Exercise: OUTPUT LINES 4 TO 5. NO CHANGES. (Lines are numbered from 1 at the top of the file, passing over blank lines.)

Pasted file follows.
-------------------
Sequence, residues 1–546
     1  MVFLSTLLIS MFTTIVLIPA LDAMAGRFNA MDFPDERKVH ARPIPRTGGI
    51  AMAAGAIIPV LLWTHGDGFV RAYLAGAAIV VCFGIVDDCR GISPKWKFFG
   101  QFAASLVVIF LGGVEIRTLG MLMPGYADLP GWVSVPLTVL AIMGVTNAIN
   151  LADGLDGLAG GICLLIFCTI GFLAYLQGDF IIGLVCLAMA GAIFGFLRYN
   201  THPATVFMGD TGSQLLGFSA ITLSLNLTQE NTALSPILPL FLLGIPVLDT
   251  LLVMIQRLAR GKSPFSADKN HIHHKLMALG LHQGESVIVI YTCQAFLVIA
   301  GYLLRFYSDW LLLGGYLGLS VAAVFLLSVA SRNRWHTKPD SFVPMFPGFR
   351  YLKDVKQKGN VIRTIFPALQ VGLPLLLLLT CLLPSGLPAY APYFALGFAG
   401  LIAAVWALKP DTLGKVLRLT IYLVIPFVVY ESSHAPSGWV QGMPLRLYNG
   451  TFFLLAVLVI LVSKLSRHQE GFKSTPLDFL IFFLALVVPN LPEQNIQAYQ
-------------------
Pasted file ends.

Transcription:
   101  QFAASLVVIF LGGVEIRTLG MLMPGYADLP GWVSVPLTVL AIMGVTNAIN
   151  LADGLDGLAG GICLLIFCTI GFLAYLQGDF IIGLVCLAMA GAIFGFLRYN